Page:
I don’t believe it is a coincidence that trimmings ran up just before Russia announced export reductions. Mexico is not happy about USDA’s Food Safety and Inspection Service (FSIS) finding that 19 Mexican plants did not meet U.S. standards. Mexico voluntarily stopped shipments from those plants and now there are scattered reports that loads of U.S. pork are being denied entry into Mexico. There is nothing official in those actions, but U.S. packers are increasingly concerned.

So exports giveth and exports taketh away. Such will be life when we depend on exports for a substantial portion of our well-being. Exports accounted for 21.5% of production in April and 26.5% in both May and June – over one of every four pounds produced. Any little glitches will be important. We have probably seen that recently but, due to the lag of pork export data, we will not know what happened in August until October.

Profit Prospects
Chicago Mercantile Exchange (CME) Group Lean Hog futures prices have declined along with the cash market. The roughly $7 decline in hog futures has more than offset the decline in both corn and soybean meal to leave the profit prospect for 2009 at their lowest levels since July 1 (see Figure 2). My forecasts for costs and prices show only three profitable months next year and some losses of near $40/head this fall.

Will those provide enough incentive to reduce the sow herd more? It hasn’t yet, but it certainly could. I expect only a 2% decline for the U.S. breeding herd when the quarterly Hogs and Pigs Report is released on Sept. 26. If that is the size of the reduction, slaughter numbers in 2009 will not be much lower than those of 2008. Imports from Canada will be lower, but productivity increases will provide plenty of pigs.




Click to view graphs.

Steve R. Meyer, Ph.D.
Paragon Economics, Inc.
e-mail: [email protected]

Healthy Hogs Seminar Slated for North Carolina

The Healthy Hogs Seminar is scheduled for Oct. 29, 2008 at Sampson Community College in Clinton, NC. The program starts with an 8:30 a.m. registration and concludes by 3:30 p.m.

On the morning program is discussion of a state pseudorabies swine surveillance plan for 2009, the ethics of conventional pig farming, which pigs must be euthanized and motivating the contract grower.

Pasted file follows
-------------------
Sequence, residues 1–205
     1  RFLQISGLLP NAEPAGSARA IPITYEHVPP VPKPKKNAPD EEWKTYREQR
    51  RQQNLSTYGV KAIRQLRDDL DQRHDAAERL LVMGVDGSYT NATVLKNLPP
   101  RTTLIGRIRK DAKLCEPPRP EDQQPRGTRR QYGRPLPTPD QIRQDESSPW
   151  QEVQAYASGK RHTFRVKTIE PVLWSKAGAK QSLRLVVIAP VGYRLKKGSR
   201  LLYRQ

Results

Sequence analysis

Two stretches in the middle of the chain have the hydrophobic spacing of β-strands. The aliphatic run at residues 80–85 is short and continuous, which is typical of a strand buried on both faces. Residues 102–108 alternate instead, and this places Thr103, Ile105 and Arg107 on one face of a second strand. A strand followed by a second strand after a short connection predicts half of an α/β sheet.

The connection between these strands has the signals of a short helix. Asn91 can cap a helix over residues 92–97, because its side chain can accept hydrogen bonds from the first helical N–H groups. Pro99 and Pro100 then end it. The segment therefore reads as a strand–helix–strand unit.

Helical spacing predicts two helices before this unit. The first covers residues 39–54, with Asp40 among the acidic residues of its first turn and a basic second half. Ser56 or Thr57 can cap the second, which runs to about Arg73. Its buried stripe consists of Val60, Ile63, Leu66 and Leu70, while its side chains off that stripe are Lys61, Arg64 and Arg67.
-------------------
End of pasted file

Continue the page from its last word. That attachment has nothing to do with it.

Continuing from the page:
The afternoon sessions include managing a tractor trailer wreck, focusing on the essentials to improve reproduction and a ventilation workshop.

For more information, contact Morgan Morrow of North Carolina State University at [email protected].

Carolina Swine Nutrition Conference Scheduled

The Carolina Swine Nutrition Conference is planned for Nov. 11 at the Sheraton Imperial Hotel in the Research Triangle Park at Raleigh, NC. The conference will start with a reception on Nov. 10.

Steve Meyer, president of Paragon Economics, kicks off the program with Competitive Conditions in the Livestock and Poultry Sector.

Dean Boyd of The Hanor Company, Inc. follows with Survival Nutrition for This New Era.

Following the break and posters, Mike Brumm of Brumm Swine Consultancy covers Mistakes and Opportunities in Managing the Response to Nutrition.

Rob Rhoads of the University of Arizona leads off the afternoon session with The Impact of Neonatal Nutrition on Satellite Cell Dynamics and Long-Term Skeletal Muscle Growth

Jim Pettigrew of the University of Illinois follows with Feed Formulation Using Nontraditional Ingredients.

Closing the program is Keith Behnke of Kansas State University with Controlling Feed Manufacturing Costs in Today’s Environment.

Learn more by contacting Eric van Heugten, North Carolina State University at 919-513-1116 or [email protected] or Bonnie Holloman, Carolina Feed Ingredient Association, at 919-855-8981 or [email protected]

Pork Group Supports Reelection of Governor

For the first time in its history, the Indiana Pork Advocacy Coalition (INPAC) has backed a political candidate, endorsing Mitch Daniels in his bid for a second term as governor of Indiana.

INPAC officials strongly believe that Daniels is the best candidate to lead the state of Indiana over the next four years.

Gov. Daniels has served as a long-time champion of agriculture in the state, recognizing and promoting its economic value to the state and an industry that is vital to the lives of thousands of Hoosiers.

“Governor Daniels demonstrates a unique and passionate support for agriculture in Indiana, and his unwavering focus on aligning policies aimed at helping to re-grow our pork industry has made a major difference to Indiana farm families,” says Malcolm DeKryger, INPAC chairman and owner of a family farm in DeMotte, IN. “Though we do not historically endorse candidates at any level in the political process, our organization has unanimously decided to break with tradition and offer our wholehearted support to Gov. Daniels’ campaign.”

The Indiana Pork Advocacy Coalition is a group that helps protect, promote and grow business opportunities of its members by supporting laws and regulations that allow pork production businesses to thrive. For more information, visit www.indianapork.com.

More articles from people in the news.

Ohio Tour Highlights Composting, Bioenergy

Ohio State University’s (OSU) Composting and Manure Management Program will lead a public tour of three composting and bioenergy facilities in northeast Ohio on Sept. 25. The program focuses on anaerobic digestion and composting. The first stop, at 8:45 a.m., is at the Biogas and Composting Facilities of Akron, located at 2677 Riverview Road. The tour will also stop at the Ohio Agricultural Research and Development Center (OARDC), located at 1680 Madison Ave. in Wooster. A composting research update will be presented and lunch will be served. Participants will visit the Schmack BioEnergy Analytical laboratory at 1:30 p.m., and the OARDC Composting Site at 2:30 p.m. The Schmack lab works to analyze feedstock energy potential and environmental benefits. The OARDC Composting Site processes dairy manure and other organic materials from the campus. It uses windrows with intermittent aeration and drains runoff to constructed wetland treatment cells.